You’ve got a knockout concept and rough idea of how the story will pan out. Now learn about hooking your readers with compelling characters your readers care about and relate to.
The key to a compelling character is making them feel real, relatable and interesting.
To be authentic, your character will need to feel 3D. It’s hard for readers to get behind ‘flat’ characters so give us the depth and details we need to help bring them to life in our minds. Even if WE don’t know what they ate for breakfast and what they dreamed of last night, YOU should. Some authors recommend hot-seating characters or having an imaginary dialogue with them. Others base characters on personalities or people they know. If you were going to liken your main character to an acquaintance, who would it be? Perhaps it’s a combination of people? Not all this information has to go into the book, but the research helps to ‘flesh-out’ your protagonist.
It is worth bearing in mind that in picture books the main characters are, more often than not, a child or an animal/object with childlike characteristics. This is because picture books are primarily for children, and readers want
to believe that they are the protagonists at the heart of the action, taking on the persona. In stories with transformational arcs, which are the most common kind of arc, characters are the vehicle for your story and are introduced in the first spread.
They must have a clear but ambitious problem to solve or to goal to achieve, which they usually succeed in. It must be something that a child can empathise with and have an interest in. Children are unlikely to want to read about a carrot in need of money to pay the bills!
Do work hard to think about your character and what about them will draw in your reader? What’s their hook? What’s different from other similar characters in other books? It’s fine to write about mice or bears or rabbits, but what about them will make their story goal *even more* challenging, ambitious, engaging? You are forgiven for being unkind to your characters at this story building stage. Think ‘Giraffe’s can’t Dance’ or ‘What the Ladybird Heard’. These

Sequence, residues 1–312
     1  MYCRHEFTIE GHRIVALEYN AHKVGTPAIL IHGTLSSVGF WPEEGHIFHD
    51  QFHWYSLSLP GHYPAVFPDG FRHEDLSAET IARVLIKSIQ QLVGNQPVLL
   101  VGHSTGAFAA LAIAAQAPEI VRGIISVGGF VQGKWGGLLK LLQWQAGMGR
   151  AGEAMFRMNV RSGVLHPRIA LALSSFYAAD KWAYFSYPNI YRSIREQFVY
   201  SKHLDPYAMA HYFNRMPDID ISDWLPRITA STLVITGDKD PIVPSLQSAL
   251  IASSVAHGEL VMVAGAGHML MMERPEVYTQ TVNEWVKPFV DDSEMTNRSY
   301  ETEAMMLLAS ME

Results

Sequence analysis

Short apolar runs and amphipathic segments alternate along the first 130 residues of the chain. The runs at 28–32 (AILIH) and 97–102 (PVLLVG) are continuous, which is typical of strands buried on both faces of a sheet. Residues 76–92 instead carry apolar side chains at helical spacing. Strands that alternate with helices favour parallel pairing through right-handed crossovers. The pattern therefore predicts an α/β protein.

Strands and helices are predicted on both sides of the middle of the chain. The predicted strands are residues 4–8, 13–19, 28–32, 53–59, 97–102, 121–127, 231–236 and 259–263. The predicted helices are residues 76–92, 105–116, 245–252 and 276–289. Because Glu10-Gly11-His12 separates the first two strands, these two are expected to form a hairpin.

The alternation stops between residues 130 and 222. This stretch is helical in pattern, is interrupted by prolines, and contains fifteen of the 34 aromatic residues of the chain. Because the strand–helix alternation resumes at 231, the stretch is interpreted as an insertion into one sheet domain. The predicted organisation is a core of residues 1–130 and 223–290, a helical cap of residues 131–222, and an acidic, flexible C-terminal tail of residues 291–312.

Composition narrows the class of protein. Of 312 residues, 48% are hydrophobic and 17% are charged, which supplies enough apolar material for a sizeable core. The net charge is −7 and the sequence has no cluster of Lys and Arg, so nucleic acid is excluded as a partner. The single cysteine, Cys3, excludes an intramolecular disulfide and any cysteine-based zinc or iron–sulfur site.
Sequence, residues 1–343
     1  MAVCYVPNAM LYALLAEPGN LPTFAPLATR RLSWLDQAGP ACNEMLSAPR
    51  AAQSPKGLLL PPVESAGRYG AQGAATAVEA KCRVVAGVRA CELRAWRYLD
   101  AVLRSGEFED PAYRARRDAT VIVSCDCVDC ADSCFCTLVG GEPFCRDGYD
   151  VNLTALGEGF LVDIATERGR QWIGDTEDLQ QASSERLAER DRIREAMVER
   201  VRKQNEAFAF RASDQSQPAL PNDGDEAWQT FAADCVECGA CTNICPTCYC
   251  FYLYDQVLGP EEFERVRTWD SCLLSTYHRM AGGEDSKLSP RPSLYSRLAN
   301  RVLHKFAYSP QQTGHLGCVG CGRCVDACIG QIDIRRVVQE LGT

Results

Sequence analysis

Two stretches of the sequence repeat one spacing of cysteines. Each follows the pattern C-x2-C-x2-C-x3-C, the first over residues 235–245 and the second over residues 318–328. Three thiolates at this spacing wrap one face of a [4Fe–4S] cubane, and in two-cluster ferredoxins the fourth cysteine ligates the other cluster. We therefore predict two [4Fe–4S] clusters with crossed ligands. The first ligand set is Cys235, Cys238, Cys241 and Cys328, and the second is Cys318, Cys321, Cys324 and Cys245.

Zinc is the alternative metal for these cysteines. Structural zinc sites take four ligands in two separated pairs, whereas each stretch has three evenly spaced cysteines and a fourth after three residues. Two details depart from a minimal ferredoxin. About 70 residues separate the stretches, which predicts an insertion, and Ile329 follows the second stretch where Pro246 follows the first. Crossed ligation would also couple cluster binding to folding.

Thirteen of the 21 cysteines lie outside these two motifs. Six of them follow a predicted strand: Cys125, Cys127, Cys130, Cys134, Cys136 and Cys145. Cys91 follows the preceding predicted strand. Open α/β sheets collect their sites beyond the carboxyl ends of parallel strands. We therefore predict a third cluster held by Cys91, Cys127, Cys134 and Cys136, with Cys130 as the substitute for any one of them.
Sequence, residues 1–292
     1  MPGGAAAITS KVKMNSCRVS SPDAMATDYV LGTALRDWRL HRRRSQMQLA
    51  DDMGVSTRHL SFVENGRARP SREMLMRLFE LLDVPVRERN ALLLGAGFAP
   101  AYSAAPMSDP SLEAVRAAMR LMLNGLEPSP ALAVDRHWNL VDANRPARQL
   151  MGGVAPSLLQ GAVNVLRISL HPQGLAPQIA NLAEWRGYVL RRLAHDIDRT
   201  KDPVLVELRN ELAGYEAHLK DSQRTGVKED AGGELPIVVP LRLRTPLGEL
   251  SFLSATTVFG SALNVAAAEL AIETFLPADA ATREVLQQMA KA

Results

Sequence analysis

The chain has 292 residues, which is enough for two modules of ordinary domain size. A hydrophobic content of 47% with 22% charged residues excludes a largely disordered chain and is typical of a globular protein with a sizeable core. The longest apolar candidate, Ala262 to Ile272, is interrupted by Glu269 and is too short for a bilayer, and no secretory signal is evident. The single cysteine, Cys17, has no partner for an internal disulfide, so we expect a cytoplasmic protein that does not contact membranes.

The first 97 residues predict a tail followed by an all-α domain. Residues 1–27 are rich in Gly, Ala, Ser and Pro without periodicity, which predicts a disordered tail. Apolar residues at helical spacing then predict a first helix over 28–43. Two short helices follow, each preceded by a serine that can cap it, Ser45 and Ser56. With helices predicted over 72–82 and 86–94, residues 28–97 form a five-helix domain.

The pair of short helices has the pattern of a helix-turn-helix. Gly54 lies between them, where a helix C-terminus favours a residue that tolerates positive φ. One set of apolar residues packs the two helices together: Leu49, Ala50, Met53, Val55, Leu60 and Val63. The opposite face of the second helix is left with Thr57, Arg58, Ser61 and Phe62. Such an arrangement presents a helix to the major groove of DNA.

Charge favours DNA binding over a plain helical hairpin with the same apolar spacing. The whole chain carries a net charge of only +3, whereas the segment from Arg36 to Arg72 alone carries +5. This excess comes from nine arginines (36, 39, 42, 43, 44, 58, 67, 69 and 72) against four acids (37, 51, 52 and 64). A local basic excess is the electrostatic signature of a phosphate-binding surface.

characters have the odds stacked against them …but this is what makes the story an interesting one to read! We have to believe they might fail.
Before you start writing about your character, make sure you are clear about;
– Who the main character is (Be aware that too many characters can be confusing. Do they all earn their place?)
– What their emotional journey will be (internal arc)
– Why this will be difficult (external goal)
– What the reader needs to know about them and when (think foreshadowing/ setting up something that will become important later on)
– How, why and what about your character will pique the interest of your reader
Amy Sparkes’ wrote some fab #WednesdayWritingTips on Twitter last summer;